race

Who are the “good cops”?

To be a "good cop" is to be a cop who speaks out. To have been a good cop is to have spoken out before May 25.

Before reading what I have to say below, I’d recommend taking a look at these piecese:

I’ve had many friends talking about “the good cops.” I’m sure there are good cops. But I’m not sure the qualifications put forward by my friends quite capture the reality. To be a “good cop,” it is not enough to have personally resisted racism in your own actions. It’s possible you’ve done this and have been part of the problem.

I’ll focus this particular discussion on Minneapolis. The problems in the Minneapolis police force are pretty widespread. The Killing of George Floyd unveils the systemic nature of the problem. The killing was most directly committed by Derek Chauvin, an officer who was in his job even after more than a dozen complaints. From Chauvin, the problems emanated and spread quickly by a department which had led him to believe he would be protected. After the incident, the police department issued a statement about what had happened, stating that the incident would be investigated but suggesting wrongdoing only on the part of the dead George Floyd. Claims in the statement were later flatly contradicted by video footage of the killing. The systemic nature of the problem is further underscored by the fact that one of the other three officers involved, Thomas Lane, was hired in spite of former criminal charges. Lane and a third officer were in training at the time (Lane being 4 days on the force). Presumably, they were directed by MPD to learn from Chauvin because the department believed he had a lot to teach them. The police union chief (elected and reelected by a majority of MPD officers) soon after the killing called Floyd a violent criminal and called for the reinstatement of three of the fired officers. It took nearly two weeks for a group of current MPD officers (14 of about 800 officers) to publicly speak out against Chauvin, and they did this only after the Minneapolis City Council had committed to “defunding” the department.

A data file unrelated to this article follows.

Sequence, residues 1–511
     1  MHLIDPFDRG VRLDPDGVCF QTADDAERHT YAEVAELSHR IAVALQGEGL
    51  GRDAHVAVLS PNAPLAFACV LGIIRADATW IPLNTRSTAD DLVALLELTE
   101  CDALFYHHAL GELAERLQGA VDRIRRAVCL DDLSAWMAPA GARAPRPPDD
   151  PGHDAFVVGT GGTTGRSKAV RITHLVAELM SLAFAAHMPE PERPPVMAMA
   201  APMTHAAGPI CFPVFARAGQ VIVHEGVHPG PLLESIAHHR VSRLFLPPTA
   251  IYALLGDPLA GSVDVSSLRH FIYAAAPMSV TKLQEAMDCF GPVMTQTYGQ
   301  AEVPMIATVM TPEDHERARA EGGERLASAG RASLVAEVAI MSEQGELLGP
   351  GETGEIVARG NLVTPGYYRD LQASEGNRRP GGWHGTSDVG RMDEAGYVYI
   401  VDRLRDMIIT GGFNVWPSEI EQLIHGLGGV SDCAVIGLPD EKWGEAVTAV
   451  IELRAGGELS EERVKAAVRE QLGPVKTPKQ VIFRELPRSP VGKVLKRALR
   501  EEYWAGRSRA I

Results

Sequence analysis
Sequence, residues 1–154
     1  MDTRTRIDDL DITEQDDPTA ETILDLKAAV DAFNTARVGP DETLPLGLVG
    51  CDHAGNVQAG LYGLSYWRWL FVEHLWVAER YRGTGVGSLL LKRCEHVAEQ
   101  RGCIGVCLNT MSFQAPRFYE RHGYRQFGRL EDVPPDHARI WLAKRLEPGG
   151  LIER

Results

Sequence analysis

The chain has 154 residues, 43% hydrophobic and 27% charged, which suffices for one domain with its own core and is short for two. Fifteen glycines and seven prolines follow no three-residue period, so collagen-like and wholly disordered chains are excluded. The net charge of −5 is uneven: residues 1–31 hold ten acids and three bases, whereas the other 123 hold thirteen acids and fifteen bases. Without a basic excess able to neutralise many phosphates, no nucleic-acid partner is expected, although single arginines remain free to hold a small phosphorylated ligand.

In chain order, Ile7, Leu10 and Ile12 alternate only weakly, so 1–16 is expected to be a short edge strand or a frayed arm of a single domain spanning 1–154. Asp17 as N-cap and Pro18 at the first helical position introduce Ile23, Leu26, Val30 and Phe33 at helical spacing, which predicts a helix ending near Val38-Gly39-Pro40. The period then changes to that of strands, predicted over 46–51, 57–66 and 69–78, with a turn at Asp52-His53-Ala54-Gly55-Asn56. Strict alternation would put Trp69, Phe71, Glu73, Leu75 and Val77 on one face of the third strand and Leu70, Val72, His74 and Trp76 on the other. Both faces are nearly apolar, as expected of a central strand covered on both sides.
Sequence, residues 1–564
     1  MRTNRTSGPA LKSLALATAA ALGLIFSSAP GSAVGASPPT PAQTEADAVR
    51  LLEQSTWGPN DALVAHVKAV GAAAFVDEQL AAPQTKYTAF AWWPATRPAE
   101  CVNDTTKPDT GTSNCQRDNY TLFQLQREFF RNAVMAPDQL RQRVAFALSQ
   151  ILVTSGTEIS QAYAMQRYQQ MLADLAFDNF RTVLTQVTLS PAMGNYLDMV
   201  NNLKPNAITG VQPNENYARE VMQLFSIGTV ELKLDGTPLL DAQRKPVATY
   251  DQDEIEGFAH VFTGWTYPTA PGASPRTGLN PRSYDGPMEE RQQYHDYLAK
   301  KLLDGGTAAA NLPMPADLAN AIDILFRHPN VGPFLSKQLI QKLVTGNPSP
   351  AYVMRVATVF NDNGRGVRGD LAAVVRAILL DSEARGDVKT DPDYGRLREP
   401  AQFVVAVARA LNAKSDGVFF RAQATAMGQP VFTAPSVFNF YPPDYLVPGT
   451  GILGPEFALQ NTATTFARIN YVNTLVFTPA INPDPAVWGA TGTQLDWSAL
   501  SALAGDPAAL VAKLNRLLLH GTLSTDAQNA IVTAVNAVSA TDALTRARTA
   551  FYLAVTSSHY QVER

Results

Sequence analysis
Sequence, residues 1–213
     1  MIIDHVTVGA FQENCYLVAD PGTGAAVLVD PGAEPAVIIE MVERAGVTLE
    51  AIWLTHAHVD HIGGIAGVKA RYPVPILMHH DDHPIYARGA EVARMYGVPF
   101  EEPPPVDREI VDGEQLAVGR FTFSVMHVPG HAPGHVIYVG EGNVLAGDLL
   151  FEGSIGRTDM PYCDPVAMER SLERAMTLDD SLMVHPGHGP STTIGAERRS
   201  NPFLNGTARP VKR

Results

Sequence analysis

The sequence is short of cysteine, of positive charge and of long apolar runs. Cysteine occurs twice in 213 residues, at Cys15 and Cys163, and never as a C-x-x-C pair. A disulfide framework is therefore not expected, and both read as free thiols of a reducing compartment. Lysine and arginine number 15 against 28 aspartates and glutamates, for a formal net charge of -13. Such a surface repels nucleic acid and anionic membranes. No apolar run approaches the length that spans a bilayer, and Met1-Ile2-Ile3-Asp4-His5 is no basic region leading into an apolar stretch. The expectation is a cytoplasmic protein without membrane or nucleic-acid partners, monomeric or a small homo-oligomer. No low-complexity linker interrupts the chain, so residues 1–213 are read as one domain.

Twin Cities residents have been sharing their own stories about the police in recent days. I’ve heard from friends about a marked difference in the response between the National Guard and MPD. During one protest, a friend in the Guard peacefully removed a man from an Uber stuck in traffic who was on crack. Members of MPD came to arrest the man and told my friend, “You know you could have beat him up, right?” My friend was shocked. During the day, MPD tear gassed women and children sitting in the grass during protest, and at night they gassed and shot peaceful protestors. It wasn’t until the National Guard stepped in that we got peaceful responses to protestors form law enforcement, which correlated with a decrease in looting and violence in the cities.

Nationally, instances of police brutality and violence have been heavily documented over the last couple of weeks. So far, there are more than 600 such incidents:

  • Article here
  • List of about 300 incidents against reporters in the last two weeks here
  • List of 600 incidents against civilians over the last two weeks here

What people are concerned about are the systems that have perpetuated violence and abuse of power by police.

There are certainly good cops. But the above information shifts what it means to be a good cop today. To be a good cop in this environment, it is not sufficient to just follow your assigned duties and to resist racism in one’s own actions.

It may help to view the situation through the lens of Catholicism’s clergy abuse crisis. There are certainly many good priests. But “bad priest” is not a term limited to those who directly abused children. “Bad priests” are also the priests who knew what was happening and didn’t do anything, who tried to ignore the problems, who stuck their heads in the sand for the sake of their careers, and who didn’t forcefully speak up.

Some police have spoken out publicly about issues of race and racism in their departments since the killing of George Floyd. But they should have been doing that the whole time. It’s like the many priests who overlooked, dismissed, or downplayed the clergy abuse crisis until the Pennsylvania Grand Jury Report came out. A condemnation of abuse at this time is valid, but what about all those years while abuse survivors were trying to be heard and you did nothing? Why did you need international outrage before you could address it?

The “good priests” and the “good cops” aren’t the ones who are just doing their jobs. They’re the ones most outspoken about the abuses that have taken place in their profession. They’re the ones who spoke out before May 25. Silence is what enables the perpetuation of harm. To be a “good cop” in this situation is to actively speak out. To have been a “good cop” is to have already done so.


Some resources:


Chris Damian is a writer, speaker, attorney, and business professional living in the Twin Cities. He received his B.A. in Philosophy from the University of Notre Dame and his J.D. and M.A. in Catholic Studies from the University of St. Thomas. He is the author of “I Desired You: Intellectual Journals on Faith and (Homo)sexuality” (volumes I and II). He is also the co-founder of YArespond, a group of Catholic young adults seeking informed and holistic responses to the clergy abuse crisis. In his free time, he enjoys hosting dinner parties and creative writing workshops. 

1 comment on “Who are the “good cops”?

  1. Pingback: My Writings on Racism: An Initial Overview – Chris Damian

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